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Darwin's Dangerous Idea: Evolution and the Meanings of Life

Darwin's Dangerous Idea: Evolution and the Meanings of Life

4.7 7
by Daniel C. (Distinguished Arts a Dennett

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Penguin Books, Limited (UK)
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Darwin's Dangerous Idea: Evolution and the Meanings of Life 4.7 out of 5 based on 0 ratings. 7 reviews.
RolfDobelli More than 1 year ago
Daniel C. Dennett's book is worthy of its subject matter. That is to say, beautiful in its essence, but complex in its details. Dennett is not trying just to explain Darwin's core ideas about evolution or natural selection. Rather, he is trying to explain how evolution fits into humanity's understanding of itself, life and the world. To do so, he has to explain his views on evolution's context, its implications for human understanding, and the philosophical and scientific currents it rides. He grapples with the emotional uproar that the idea of evolution produced. He works hard to illustrate these concepts, via stories, autobiographical asides, examples, metaphors, drawings, quotes and even jokes. The book is challenging, because of the stimulating content, but absorbing. getAbstract recommends it warmly to readers interested in evolution, and in the intersection of science and culture. Despite its methodical approach, this thoughtful exploration is not for beginners. One other caveat: If you want science blended with faith, Dennett believes that given humanity's quest for facts, "There is no future in a sacred myth." He forthrightly tells those who are distressed by this point of view to "close the book now and tiptoe away."
Guest More than 1 year ago
Dennett¿s ¿Dangerous¿ Influence¿ In almost all cases, while reading a favorite author, I can find at least a few cases of disagreement. (As in Gould with the Separate Magisteria for instance). But I must say that Darwin¿s Dangerous Idea left me wonting (almost entirely) in that department. At every turn, the problems that I had already perceived with the evolutionary philosophy of life, so far delineated by the world¿s experts, were almost exactly the same as Dennett¿s criticisms of the defects in evolutionary theory. And his illuminations were so close to my own understandings that I was astounded that I might even come close to the same understandings as such a distinguished thinker. It is quite amazing that a mere novice, and amateur, such as myself, could identify so closely with such an amazing mind as Dennett¿s. Until a few years ago, I had (mainly) only been exposed to Gould (one of my most precious heroes), as a modern expert. (Sagan [my ultimate hero] and other popularizers led me to Gould), but I finally discovered Dawkins. And all ¿hell¿ (true honesty) broke loose. I found Shermer and the Skeptics Society (which might have happened before Dawkins) and I was finally led to Dennett. If I died today my life would be complete (intellectually). And I have, so far, only read one of his books. The rest are on my immediate wish list!!!!!!!!!!!!!!! This is meant to be a grand positive review of Darwin¿s Dangerous Idea, but I must say that I am a cabinet-maker for a local School Corporation, and my only formal training in evolution is my self-taught, almost fanatic, admiration and love of pure knowledge, and my almost accidental love of reading. (Throughout my school years I had barely read a book). My dad had never read a book in my whole memory. Luckily my mom happened to be a voracious reader, but at the time, that was a negative influence (only women read). But, when I was 19 years old I just happened to catch ¿Cosmos¿ on PBS. Astounding. I then bought ¿Cosmos¿ the book. I then read the book, including the bibliography. That was the launching point. Guess what was in that bibliography?: The Origin of Species. Lucy. Einstein¿s Universe. The Lives of a Cell. The Panda¿s Thumb. From Atoms to Quarks. Etc¿Etc¿Etc¿Etc¿ My life changed totally from a mere carpenter to a vigilant seeker-of-knowledge-and-truth. I have never stopped reading since. It is my favorite hobby. I read a lot of hard Sci-fi for entertainment, but I never abandon the most important (of course that is subjective) science books as my rock-steady-center. This could be a tribute to all my intellectual heroes, (and really, it is), but it took this particular book by Dennett (along with the peculiar state of mind that I am in at this moment) to inspire me to write this testimonial. Daniel C. Dennett: I thank you. - Jeff Rudisel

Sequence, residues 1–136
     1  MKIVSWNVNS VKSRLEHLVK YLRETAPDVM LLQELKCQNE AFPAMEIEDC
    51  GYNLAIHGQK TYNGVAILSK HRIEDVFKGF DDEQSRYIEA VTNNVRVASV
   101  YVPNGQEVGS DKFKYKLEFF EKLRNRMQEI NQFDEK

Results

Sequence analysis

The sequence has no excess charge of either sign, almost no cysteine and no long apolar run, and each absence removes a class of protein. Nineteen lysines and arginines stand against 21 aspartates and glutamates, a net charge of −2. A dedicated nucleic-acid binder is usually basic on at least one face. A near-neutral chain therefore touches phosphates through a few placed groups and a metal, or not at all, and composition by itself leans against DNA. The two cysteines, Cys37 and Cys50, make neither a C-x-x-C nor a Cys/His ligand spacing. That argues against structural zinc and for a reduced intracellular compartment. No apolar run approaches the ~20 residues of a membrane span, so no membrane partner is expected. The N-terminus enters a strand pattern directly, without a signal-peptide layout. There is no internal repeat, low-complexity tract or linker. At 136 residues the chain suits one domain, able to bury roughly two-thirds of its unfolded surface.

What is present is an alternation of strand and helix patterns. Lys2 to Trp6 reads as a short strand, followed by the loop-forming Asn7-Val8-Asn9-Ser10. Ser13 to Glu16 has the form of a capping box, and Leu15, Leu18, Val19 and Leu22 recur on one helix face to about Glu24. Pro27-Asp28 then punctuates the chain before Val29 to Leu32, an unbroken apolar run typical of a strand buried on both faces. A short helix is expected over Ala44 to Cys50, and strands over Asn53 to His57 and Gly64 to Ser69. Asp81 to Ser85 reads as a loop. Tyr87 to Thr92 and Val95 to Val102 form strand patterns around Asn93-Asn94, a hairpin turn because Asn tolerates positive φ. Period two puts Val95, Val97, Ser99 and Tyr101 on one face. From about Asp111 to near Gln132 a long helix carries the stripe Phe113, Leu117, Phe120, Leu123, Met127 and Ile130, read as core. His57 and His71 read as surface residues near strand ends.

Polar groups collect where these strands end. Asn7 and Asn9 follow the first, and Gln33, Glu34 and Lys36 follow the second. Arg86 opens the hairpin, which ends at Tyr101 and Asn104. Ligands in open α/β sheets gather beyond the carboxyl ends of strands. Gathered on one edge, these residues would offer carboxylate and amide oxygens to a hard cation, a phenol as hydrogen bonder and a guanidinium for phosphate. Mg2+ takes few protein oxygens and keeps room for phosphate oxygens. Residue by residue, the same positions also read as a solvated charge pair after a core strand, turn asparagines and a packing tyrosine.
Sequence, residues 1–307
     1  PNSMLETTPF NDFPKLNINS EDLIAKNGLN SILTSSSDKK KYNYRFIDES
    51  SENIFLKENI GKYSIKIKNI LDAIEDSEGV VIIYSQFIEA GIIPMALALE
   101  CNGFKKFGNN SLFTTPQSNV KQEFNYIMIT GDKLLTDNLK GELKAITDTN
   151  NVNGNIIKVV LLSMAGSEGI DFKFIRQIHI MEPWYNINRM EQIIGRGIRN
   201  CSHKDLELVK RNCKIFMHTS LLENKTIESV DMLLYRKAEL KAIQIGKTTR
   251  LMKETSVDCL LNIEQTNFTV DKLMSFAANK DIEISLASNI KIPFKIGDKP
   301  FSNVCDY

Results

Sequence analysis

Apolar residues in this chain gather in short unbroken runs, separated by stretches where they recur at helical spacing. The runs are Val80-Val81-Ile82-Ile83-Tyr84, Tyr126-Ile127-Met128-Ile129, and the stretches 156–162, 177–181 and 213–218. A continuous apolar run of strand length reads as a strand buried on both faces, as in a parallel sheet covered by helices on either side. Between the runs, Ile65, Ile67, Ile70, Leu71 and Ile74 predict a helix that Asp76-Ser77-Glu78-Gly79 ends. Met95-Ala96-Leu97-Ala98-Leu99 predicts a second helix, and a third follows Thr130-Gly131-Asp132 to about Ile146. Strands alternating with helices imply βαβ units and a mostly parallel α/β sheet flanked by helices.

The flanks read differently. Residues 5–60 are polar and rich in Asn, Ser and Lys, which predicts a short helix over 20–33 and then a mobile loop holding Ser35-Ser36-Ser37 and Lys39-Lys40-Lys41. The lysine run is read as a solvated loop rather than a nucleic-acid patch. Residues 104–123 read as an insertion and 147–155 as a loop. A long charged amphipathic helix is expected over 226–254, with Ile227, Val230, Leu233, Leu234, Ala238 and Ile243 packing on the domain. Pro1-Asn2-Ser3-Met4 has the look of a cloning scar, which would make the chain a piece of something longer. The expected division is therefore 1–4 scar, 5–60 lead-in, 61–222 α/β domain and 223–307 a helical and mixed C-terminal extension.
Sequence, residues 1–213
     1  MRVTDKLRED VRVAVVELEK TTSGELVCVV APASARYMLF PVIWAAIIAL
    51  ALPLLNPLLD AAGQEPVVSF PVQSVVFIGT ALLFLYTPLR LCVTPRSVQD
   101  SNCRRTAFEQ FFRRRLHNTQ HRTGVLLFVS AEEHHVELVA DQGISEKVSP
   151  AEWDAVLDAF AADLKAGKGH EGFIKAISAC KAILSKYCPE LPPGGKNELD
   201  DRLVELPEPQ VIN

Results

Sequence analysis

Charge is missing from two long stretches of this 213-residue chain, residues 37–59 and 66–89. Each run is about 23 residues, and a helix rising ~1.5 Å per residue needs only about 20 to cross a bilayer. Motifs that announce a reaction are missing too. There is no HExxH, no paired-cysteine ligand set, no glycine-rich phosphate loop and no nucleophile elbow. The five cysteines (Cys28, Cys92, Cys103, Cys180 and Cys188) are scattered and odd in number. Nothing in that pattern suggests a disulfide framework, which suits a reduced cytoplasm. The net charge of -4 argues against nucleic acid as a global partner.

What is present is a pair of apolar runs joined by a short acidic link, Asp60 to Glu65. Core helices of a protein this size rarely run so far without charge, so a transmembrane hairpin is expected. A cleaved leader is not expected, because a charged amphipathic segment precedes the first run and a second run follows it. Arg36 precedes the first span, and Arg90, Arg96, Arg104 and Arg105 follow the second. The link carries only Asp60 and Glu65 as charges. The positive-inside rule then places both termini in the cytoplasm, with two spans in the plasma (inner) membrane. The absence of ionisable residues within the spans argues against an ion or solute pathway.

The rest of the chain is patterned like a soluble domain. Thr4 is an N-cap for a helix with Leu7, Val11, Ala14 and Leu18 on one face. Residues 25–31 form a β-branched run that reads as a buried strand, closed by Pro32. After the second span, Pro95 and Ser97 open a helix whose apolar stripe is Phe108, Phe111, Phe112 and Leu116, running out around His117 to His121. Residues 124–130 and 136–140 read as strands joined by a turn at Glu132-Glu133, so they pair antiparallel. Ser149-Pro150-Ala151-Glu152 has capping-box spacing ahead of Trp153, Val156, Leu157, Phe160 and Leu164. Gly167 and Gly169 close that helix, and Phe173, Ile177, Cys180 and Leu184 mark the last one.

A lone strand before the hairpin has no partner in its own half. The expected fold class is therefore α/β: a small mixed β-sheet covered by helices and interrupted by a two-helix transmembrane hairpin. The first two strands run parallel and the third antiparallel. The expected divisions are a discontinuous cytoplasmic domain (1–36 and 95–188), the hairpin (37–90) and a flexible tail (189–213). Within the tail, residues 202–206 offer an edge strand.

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Guest More than 1 year ago
Darwin's Dangerous Idea is a well written and thought provoking book. I recently read it in conjunction with Michael Behe¿s Darwin's Black Box and found that both books reveal the rift creeping through the evolutionary faith. Contrary to the reviewer above, I didn¿t feel my Christian faith threatened, but realized that in the face of scientific discoveries Darwin could not have imagined, his Dangerous Idea seems to be increasingly untenable. Dennett¿s ultra-darwinist position seems to me to be the call of a evolutionary fundamentalist rallying the faithful and calling the wayward sheep such as Noam Chomsky, John Searle, and Stephen Jay Gould to ¿repentance.¿ These scientists have found Darwinism an insufficient and even incompatible explanation for the results of their research. I didn¿t really find answers to their objections in Dennett¿s book. Instead there is a detailing of the already well known implications of Darwinism, a call for renewed faith, and an exhortation that the solution lies just beyond the scientific horizon.¿ the orthodox statement of faith repeated since The Origin of Species, in spite of all the evidence to the contrary.